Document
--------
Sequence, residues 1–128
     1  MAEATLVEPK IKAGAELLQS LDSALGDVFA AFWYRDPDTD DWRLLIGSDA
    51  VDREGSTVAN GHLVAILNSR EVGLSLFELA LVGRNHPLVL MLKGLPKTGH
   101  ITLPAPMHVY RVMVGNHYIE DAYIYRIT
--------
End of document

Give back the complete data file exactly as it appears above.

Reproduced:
Sequence, residues 1–128
     1  MAEATLVEPK IKAGAELLQS LDSALGDVFA AFWYRDPDTD DWRLLIGSDA
    51  VDREGSTVAN GHLVAILNSR EVGLSLFELA LVGRNHPLVL MLKGLPKTGH
   101  ITLPAPMHVY RVMVGNHYIE DAYIYRIT